Inventory can be a key use of cash, and streamlining inventory can improve a business’ cash flow. This guest post by Wasp Barcode can help your business free up cash from inventory. Looking for more tips? Download the free BlueVine Cash Flow Guide.
Lean inventory management is a philosophy derived from the Toyota Production System of the 1940s. The car manufacturer developed the system to eliminate waste and inefficiency in their manufacturing environment. Due to both its successful implementation and positive financial impact, this methodology has gained popularity in all manner of business. Consider applying these five lean inventory principles to your small business as a way to eliminate inventory waste.
Before making significant changes to your business processes, determine whether applying lean inventory techniques will actually generate business value. Changing current procedures will be a significant investment in time and effort. Will that investment actually bring a return or will you change without seeing results? To answer these questions, you will need to honestly evaluate what you do well and what you do poorly. Without a full understanding of how you currently handle inventory, attempting to implement a new process will only end in failure.
More importantly, what is the economic value your customers gain from the goods or services you provide? Whether your business value increases or not, if you are using business resources for any other reason than to create value for your customer, that use is considered wasteful according to lean inventory principles.
To determine both your business value and the economic value you offer customers, you must understand how inventory flows in your warehouse. Demand-based flow is the second fundamental principle of lean manufacturing. In this type of production setting, inventory is only pulled through each production center when it is needed to meet a customer’s order.
Evaluate your inventory flow and identify the areas you need to improve. Adopting the lean inventory model will eliminate the following seven areas of inventory waste.
- How are you transporting inventory? In order to achieve smooth flow, you should not transport a product between processes. Ending unnecessary movement may require you to adjust how you produce your product or from whom you purchase material.
- If you are producing goods in anticipation of possible demand, you can easily overproduce. Overproduction causes you to waste both materials and money spent storing the excess inventory.
- Does how you store inventory cause unnecessary motion (walking, bending, searching, and reaching)? Time wasted looking for product can add up to delays and longer lead times.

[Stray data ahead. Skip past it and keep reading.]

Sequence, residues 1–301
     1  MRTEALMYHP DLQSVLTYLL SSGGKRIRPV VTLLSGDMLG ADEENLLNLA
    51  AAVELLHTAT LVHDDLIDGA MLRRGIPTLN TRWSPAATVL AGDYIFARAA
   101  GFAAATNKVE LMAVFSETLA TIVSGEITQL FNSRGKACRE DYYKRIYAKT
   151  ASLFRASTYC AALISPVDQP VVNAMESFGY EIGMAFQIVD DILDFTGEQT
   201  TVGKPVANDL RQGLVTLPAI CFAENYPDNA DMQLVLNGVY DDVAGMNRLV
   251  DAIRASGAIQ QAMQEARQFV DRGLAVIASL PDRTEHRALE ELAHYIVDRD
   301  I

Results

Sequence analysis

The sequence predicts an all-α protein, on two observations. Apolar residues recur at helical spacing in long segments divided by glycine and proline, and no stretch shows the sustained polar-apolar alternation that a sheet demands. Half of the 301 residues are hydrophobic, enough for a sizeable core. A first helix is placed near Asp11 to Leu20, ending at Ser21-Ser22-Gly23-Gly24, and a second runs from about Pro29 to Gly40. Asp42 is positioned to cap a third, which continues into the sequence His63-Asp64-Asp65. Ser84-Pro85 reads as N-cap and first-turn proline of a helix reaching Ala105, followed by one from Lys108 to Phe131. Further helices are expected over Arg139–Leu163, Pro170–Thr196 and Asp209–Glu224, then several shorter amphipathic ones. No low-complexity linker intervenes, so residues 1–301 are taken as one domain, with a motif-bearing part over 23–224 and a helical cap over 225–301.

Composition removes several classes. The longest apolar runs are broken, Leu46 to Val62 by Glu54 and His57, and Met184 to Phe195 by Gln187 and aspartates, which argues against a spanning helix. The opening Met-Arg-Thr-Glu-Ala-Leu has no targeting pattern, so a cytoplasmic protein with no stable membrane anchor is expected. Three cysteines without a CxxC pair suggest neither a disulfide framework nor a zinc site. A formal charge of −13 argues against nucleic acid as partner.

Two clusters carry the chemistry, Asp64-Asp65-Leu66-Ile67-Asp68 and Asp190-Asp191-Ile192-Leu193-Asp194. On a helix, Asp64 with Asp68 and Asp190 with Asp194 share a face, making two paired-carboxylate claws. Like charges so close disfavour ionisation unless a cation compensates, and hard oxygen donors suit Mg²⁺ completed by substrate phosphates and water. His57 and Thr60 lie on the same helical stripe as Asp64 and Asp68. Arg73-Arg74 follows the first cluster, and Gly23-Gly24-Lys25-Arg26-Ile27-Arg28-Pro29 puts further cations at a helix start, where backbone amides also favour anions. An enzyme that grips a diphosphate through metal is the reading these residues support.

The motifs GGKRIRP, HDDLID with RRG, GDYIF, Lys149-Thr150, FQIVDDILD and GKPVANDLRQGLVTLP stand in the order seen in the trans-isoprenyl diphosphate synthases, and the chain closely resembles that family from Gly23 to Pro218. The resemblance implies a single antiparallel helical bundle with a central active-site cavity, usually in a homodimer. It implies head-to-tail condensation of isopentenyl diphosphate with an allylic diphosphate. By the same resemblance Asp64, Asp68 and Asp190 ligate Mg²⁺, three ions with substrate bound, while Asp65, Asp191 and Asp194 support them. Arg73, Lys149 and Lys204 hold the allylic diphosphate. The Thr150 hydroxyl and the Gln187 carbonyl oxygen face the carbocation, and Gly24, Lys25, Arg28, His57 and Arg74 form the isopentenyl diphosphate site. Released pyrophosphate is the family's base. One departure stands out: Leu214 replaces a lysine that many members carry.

- You will experience waste if inventory is not actively moving through your process – causing you or your customer to wait.
- Using expensive equipment in processes where cheaper, less complex tools are more efficient results in the over-processing of goods.
- Product defects result in re-work or scrap and both will negatively impact profit.
- Excessive inventory is a result of overproduction and waiting and results in longer lead times and higher storage costs.
Once you are fully aware of how your inventory flows and you’ve worked to eliminate the seven areas of inventory waste, the third principle of lean manufacturing — pulling inventory only when requested by your customer — will become a natural outcome.
A traditional push-based supply chain relies on the product manufacturer to determine a production level based on historical data. This often results in overstocking, delays, and product obsolescence. A pull-based model is demand-centric where minimal inventory is kept on hand and only replenished as it’s consumed. Effective demand management requires more than just forecasting product need based off previous demand; instead, you will need to actively monitor your inventory flow.
A continuous and rigorous evaluation of your inventory flow along with effective demand management allows you to respond and adapt quickly to changes in the market. This responsiveness, the fourth lean inventory principle, will keep your inventory at appropriate levels; preventing unnecessary storage costs, write-downs, or write-offs of obsolete inventory.
The last lean inventory principle, perfection, requires you to commit to a continuous refinement of your inventory management processes; doing so will result in improved quality, cycle time, efficiency and cost.
The core of lean is founded on the concept of continuous product and process improvement and the elimination of non-value added activities. The value adding activities are simply only those things the customer is willing to pay for, everything else is waste, and should be eliminated, simplified, reduced, or integrated.
Moving to a lean inventory model is not a decision made lightly. When effectively applied, the five principles give you an opportunity to not only save money but to reflect upon your overall business strategy. If you are willing to set lean goals, take the next step forward and set goals to increase your revenue – you’ll be more efficient working lean, identify the growth opportunities resulting from this new efficiency.
About Wasp Barcode Technologies:
Wasp Barcode Technologies provides data capture and tracking systems designed specifically for small businesses. Solutions include: inventory control, asset tracking, time & attendance, and point of sale (POS); as well as the supporting mobile computers, barcode scanners, and barcode printers utilized to automate operations. Wasp products help small businesses achieve efficiency through cost-effective solutions designed to increase profitability.
This article was first published on January 11, 2016. It was updated on
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